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Organic, conventional, locally grown and natural – these are all terms consumers hear every day, but do they really understand their meaning? Are consumers making informed purchasing decisions or are they simply making food decisions based on what they hear in popular culture and media?
On Friday, February 21, 2014, join a group of farmers and ranchers, nutritionists and food pundits for a discussion on food production, nutrition and making healthy food choices. Part of the USDA’s Agricultural Outlook Forum and hosted by the U.S. Farmers & Ranchers Alliance® (USFRA®), the in-person and live-streamed Food Dialogues® event “Nutrition: Who’s Shaping America’s Eating Habits?” looks at important issues for consumers and producers. Read more »
Earlier this month, I had the pleasure of meeting with a dedicated group of women farmers and ranchers who are actively taking on leadership roles in farm organizations, cooperatives, and in their communities. They had gathered in the sunshine state for the National Farmers Union Women’s Conference to discuss opportunities and challenges on their own operations, what they believe the future holds for agriculture, and the role of women in that future.
Women face a unique set of challenges. They must find ways to balance the demands of family, community and the responsibilities to their businesses – all while being strong leaders within and for their communities. Read more »
Tim Mentz Sr., Standing Rock Sioux cultural resource expert, explains the historical significance of the area that is now the Black Hills National Forest in South Dakota. (U.S. Forest Service/Fred Clark)
Our curiosity was palpable in our expressions, we visitors to this South Dakota field, as we pondered the patterns produced by the tops of rocks pressed into grass and soil, patterns tantalizingly organized and purposeful: shapes of things that have been. What stories were held in this small corner of the Black Hills National Forest?
As members of the Forest Service’s sacred sites executive and core teams, our task is to develop ways to fulfill the recommendations from the Report to the Secretary of Agriculture: USDA Policy and Procedures Review and Recommendations: Indian Sacred Sites.
Visiting this sacred place was the starting point of our learning and working together as a team. We needed to experience firsthand the feeling and meaning of this place to help us incorporate an appropriate attitude as we started three days of meetings on how to best implement the recommendations, to better protect and provide access to Indian sacred sites. Read more »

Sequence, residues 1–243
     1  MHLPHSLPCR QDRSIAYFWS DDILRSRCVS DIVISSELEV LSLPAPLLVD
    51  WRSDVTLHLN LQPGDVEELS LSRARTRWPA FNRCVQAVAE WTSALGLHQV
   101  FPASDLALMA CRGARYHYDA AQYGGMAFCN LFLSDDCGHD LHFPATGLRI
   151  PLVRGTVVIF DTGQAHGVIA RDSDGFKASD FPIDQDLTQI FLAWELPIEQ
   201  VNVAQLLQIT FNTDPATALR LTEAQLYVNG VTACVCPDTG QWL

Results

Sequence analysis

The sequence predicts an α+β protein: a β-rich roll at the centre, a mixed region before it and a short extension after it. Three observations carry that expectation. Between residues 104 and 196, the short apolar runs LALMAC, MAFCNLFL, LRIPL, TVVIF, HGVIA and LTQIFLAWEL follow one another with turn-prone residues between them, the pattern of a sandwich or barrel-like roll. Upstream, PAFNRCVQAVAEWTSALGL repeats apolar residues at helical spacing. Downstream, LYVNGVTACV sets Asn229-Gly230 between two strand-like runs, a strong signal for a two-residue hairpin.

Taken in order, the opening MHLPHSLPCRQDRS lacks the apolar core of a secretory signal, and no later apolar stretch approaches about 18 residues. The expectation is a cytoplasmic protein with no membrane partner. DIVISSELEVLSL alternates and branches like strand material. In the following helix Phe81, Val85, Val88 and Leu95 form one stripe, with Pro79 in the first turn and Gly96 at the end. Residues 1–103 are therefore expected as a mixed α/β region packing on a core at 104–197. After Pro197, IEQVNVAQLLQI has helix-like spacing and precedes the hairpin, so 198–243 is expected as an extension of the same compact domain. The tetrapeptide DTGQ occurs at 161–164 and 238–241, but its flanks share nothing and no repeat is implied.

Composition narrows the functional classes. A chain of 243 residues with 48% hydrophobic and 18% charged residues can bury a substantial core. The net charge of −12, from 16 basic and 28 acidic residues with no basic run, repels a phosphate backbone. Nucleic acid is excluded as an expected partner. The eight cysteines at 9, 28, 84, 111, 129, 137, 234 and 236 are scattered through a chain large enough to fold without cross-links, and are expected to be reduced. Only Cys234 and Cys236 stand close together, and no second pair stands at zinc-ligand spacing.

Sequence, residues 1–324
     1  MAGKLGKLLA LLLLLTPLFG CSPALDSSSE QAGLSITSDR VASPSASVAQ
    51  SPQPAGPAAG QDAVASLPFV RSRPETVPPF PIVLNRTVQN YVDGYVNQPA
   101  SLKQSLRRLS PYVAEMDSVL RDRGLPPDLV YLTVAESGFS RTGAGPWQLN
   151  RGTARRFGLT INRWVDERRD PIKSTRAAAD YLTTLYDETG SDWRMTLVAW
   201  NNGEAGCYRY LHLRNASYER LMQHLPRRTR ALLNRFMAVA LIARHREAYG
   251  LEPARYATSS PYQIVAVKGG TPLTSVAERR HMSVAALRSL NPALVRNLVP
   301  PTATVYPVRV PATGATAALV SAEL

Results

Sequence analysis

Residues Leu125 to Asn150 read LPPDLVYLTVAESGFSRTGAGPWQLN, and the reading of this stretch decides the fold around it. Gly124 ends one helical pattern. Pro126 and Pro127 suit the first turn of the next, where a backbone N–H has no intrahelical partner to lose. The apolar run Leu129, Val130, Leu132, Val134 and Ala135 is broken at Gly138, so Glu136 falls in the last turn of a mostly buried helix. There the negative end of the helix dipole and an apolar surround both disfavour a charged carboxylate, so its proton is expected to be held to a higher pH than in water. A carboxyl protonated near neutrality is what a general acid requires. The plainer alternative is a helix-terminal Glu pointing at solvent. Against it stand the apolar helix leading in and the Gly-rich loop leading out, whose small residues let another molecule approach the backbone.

Most of the year, my slow cooker stays on the shelf in my kitchen, but, when the Super Bowl approaches, I pull it out to make chili, meatballs, or other hot party foods. The thing that I love about a slow cooker is that it can cook food safely and help me save time while I’m busy preparing for the big game.
This time of year, the USDA Meat and Poultry Hotline receives lots of questions related to slow cooking. Sometimes we hear about really scary mistakes that people make when they’re preparing slow cooked food. To make sure that you and your party guests stay safe, I wanted to share a few of these slow cooker questions and answers. Read more »
Por la mayoría del año, mi olla de cocción lenta se queda guardada en un anaquel en mi cocina. Pero, cuando se acerca el día del Super Bowl, la saco y empiezo a cocinar chili con carne, albóndigas u otras comidas calientes de fiesta. Lo que me más gusta de mi olla es que puede cocinar los alimentos inocuamente y a la misma vez me permite ahorrar tiempo cuando me ocupo preparándome para el gran juego.
Durante esta época del año, La Línea de Carnes y Aves del USDA recibe muchas preguntas acerca de las ollas de cocción lenta. A veces escuchamos historias de errores espantosos que cometen personas cuando están preparando alimentos por cocción lenta. Para asegurar que usted y sus invitados estén fuera del riesgo de intoxicación de alimentos, aquí tienen algunas preguntas comunes con las respuestas correspondientes. Read more »
This post is part of the Science Tuesday feature series on the USDA blog. Check back each week as we showcase stories and news from USDA’s rich science and research portfolio.
As a boy, Steven Cannon helped his grandfather in the garden grafting fruit trees, all the while developing an interest in plants. As an adult, Cannon has followed in his grandfather’s footsteps, working with USDA as a scientist—but only after first taking a different, though ultimately, complementary career path.
After graduating college, Cannon worked various jobs, including one as an educational software designer that used his knack for computing. In 2000, he rekindled his early interest in plant biology, earning a PhD and practical experience as a postdoctoral researcher assigned to a genome mapping project. In 2006, he accepted a position as a plant geneticist with the USDA-Agricultural Research Service (ARS) Corn Insects and Crop Genetics Research Unit in Ames, Iowa. Read more »